As Prime Minister Stephen Harper and Governor General David Johnston prepare to sit down with Aboriginal leaders to discuss treaty rights and economic development, here’s a rough guide to how it all came to this. We emphasize rough, because the proposed meetings themselves may or may not occur, as of Friday morning.
Who called this meeting?
There are two proposed meetings, actually, and Harper is behind both of them. On Jan. 4, he accepted an Assembly of First Nations request to meet with Aboriginal leaders to build on last year’s Crown-First Nations gathering. The AFN proposed Jan. 24, and Harper countered with Jan. 11, which the AFN accepted. Separately, Harper asked Johnston if he’d host a ceremonial meeting at Rideau Hall that would follow the working meeting. Johnston accepted.
Whether or not the meetings will actually occur, and how they will be structured, was up in the air late last evening, thanks to disagreement among chiefs from several provinces with the proposed meetings’ terms—namely, the location and the meeting’s participants. Some want the meetings to take place at Ottawa’s Delta Hotel, instead of Langevin Block and Rideau Hall. Some are also demanding the presence of Johnston and Harper at the same meeting.
If Manitoba chiefs’ demands, in particular, are not met, they say they have the power to bring the Canadian economy “to its knees.”
What are they talking about?
Officially, the PM’s proposal calls for a meeting with the government at Langevin Block that will cover Aboriginal and treaty rights, as well as economic development.
How will the meeting unfold?
The Prime Minister’s Office distributed the proposed meeting’s itinerary. According to the PMO, Harper and AFN National Chief Shawn Atleo are to provide introductory remarks. The meeting will then enter a plenary session, chaired by two Aboriginal leaders and two cabinet ministers: Perry Bellegarde of the Federation of Saskatchewan Indian Nations; Jody Wilson-Raybould of the British Columbia Assembly of First Nations; John Duncan, the minister of Aboriginal affairs; and Tony Clement, the president of the Treasury Board. The session is scheduled to last 2.5 hours, after which Harper and Atleo are to “engage in a dialogue with the chairs” about what was discussed.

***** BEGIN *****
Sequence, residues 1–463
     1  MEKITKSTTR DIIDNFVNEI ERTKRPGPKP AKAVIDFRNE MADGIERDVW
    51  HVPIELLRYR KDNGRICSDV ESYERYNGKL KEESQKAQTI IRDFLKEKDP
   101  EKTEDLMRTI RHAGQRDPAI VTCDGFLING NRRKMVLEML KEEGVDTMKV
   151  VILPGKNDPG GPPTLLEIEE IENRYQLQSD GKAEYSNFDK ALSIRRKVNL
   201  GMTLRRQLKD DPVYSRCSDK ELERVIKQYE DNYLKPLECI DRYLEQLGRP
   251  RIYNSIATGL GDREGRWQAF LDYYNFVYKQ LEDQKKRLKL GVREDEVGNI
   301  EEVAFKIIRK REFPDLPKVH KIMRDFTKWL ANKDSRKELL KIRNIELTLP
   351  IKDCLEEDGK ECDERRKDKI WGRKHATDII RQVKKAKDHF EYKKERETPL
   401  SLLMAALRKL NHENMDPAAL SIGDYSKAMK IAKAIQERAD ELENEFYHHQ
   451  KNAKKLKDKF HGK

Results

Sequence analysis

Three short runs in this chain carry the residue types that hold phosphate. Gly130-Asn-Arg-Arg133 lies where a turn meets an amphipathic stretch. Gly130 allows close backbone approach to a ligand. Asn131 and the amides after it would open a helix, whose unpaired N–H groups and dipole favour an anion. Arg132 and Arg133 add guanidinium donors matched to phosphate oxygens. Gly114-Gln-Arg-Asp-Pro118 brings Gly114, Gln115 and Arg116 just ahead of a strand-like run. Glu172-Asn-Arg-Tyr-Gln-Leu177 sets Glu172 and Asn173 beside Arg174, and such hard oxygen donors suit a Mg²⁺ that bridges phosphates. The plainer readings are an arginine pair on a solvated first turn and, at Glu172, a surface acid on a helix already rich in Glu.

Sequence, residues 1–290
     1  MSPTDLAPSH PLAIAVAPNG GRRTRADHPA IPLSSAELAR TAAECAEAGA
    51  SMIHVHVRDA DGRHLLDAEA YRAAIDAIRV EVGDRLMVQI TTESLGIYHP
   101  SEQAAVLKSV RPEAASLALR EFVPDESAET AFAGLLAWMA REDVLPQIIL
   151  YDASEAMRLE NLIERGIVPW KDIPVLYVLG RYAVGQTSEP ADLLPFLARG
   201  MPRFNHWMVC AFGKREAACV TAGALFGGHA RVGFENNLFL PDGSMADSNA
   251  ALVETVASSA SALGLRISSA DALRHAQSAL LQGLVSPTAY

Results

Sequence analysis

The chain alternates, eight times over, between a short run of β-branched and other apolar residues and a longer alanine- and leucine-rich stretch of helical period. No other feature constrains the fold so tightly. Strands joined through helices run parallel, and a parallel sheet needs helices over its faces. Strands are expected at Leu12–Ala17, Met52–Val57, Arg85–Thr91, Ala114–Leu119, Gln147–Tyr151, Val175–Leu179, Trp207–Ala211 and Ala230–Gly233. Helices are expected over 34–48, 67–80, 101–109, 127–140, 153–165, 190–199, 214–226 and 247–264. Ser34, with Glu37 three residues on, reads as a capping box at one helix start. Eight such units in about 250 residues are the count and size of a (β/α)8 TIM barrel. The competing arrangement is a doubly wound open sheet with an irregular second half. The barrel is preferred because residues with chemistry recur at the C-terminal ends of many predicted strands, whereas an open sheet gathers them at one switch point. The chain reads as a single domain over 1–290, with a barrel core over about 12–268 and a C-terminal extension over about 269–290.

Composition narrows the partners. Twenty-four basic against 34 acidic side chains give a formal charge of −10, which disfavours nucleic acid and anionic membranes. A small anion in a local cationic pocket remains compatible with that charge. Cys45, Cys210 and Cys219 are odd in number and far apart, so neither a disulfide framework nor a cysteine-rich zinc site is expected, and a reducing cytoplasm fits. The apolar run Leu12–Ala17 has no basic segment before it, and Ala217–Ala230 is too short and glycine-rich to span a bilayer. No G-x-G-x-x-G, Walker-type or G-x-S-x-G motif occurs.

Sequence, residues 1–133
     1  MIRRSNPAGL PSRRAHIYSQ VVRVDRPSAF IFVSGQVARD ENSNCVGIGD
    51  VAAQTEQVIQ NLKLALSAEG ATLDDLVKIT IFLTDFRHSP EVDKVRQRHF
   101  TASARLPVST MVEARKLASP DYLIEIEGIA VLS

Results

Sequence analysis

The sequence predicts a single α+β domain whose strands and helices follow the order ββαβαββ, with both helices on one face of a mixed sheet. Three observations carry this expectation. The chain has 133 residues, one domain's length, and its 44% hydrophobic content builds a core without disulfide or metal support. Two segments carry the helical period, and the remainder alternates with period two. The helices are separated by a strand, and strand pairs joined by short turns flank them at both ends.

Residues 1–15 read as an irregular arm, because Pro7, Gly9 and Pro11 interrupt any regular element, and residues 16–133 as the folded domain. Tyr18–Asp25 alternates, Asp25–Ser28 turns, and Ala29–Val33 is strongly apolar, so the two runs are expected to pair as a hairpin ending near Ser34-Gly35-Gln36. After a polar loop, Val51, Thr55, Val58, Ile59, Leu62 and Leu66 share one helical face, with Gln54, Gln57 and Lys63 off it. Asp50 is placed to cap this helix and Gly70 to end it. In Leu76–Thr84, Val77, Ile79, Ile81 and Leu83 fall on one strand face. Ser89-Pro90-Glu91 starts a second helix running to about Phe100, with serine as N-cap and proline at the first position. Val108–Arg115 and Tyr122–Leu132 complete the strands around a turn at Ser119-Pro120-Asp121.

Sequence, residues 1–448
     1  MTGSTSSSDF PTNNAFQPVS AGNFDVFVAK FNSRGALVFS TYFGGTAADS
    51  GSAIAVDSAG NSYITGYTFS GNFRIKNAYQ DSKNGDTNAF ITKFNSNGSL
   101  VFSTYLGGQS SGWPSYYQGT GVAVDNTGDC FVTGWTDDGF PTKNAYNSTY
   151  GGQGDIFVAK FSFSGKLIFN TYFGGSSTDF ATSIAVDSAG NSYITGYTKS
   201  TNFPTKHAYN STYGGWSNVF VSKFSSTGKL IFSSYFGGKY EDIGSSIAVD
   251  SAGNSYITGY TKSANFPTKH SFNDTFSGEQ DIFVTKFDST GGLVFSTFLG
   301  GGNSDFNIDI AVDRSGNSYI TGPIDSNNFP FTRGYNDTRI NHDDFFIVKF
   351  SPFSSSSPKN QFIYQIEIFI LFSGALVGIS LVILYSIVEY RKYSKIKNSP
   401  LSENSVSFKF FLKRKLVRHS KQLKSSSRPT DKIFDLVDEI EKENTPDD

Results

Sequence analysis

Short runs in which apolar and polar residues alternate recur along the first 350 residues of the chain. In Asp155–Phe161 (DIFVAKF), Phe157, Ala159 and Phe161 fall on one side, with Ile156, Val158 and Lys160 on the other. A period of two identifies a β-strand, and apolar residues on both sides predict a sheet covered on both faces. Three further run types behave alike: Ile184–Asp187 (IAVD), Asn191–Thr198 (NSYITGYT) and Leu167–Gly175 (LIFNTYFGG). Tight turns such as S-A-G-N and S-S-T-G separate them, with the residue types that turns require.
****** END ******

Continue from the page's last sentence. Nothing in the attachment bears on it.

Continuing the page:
Next on the schedule is a meeting with Johnston at Rideau Hall.
What prompted the PM to accept the AFN’s request, anyway?
There’s some debate about this, but most observers agree Theresa Spence, the chief of Attawapiskat First Nation in northern Ontario, had some influence. We broke down the long version of Spence’s story. The short version: She embarked on what she calls a hunger strike—a claim disputed by some of her critics, since she’s consuming fish broth, water and medicinal tea—on Dec. 11, demanding Aboriginal issues be taken seriously. Among her specific wishes: respect for existing treaties, fairer resource-revenue sharing, and repeal of recent federal omnibus budget legislation. Spence would only start eating solid food, she said, once Harper and Johnston agreed to meet with Aboriginal leaders to discuss those issues. From there, her position evolved several times. When Harper agreed to the meeting, Spence said she’d continue her liquids-only diet only when a productive meeting had concluded. She later refused to attend any meeting that didn’t include Johnston, and still later, after Johnston agreed to host a separate meeting, refused to attend any gathering where the GG and PM weren’t sitting at the same table. There’s no word yet on her final plans, or the future of her hunger strike.
Why did Spence launch a hunger strike?
The chief was fed up with what she saw as a poisoned relationship between the federal government and First Nations communities, including her reserve in Attawapiskat. (You might recall the housing crisis that made national headlines in late 2011 and fuelled tense relations between Spence and Duncan). She declared that, if it came to it, she’d die for her people.
What was with her timing?
Spence alerted reporters to her protest on Dec. 10, the same day Aboriginal activists engaged in demonstrations across Canada in what they called a Day of Action. The protesters were united under the banner of Idle No More, a grassroots movement that enjoyed widespread support among native groups.
Who started Idle No More?
Four women in Saskatchewan started organizing teach-ins to raise awareness about Aboriginal issues. Nina Wilson, Sylvia McAdam, Jessica Gordon and Sheelah McLean’s efforts spawned demonstrations on the prairies and, eventually, all over Canada. Protesters’ primary methods included flash mobs in malls and blockades of roads and railways. The movement launched a Facebook page on Nov. 29. The next day, Edmonton-based activist Tanya Kappo took the movement to Twitter—and #IdleNoMore, the instantly popular hashtag, was born. Protests multiplied in frequency each week in December, including the Dec. 10 Day of Action and plenty of events in its wake—which made for an impressive visual.
What was it concerned about, specifically?
The four creators were concerned primarily with some of the same issues Spence has raised; namely, the dangers embedded in the feds’ latest omnibus budget bill. We’ve already explained the bluster around that bill. The legislation made it easier to lease reserve lands, and it also—as we’ve explained in detail, plenty of times—made it a lot easier to build things like dams and bridges on thousands of Canadian lakes and rivers (many examples of which run through native lands).
I’ve heard the movement’s gone global. Is that true?
Yes, it is. Demonstrations have occurred in at least 19 American states. Protesters in Farmington, New Mexico flash-mobbed a local mall. Demonstrations also reached Montana. And Texas. And Los Angeles. And Chicago. Support has come from New Zealand and Japan.
Where does Idle No More go from here?
We’ll cover that in a different post. Stay tuned.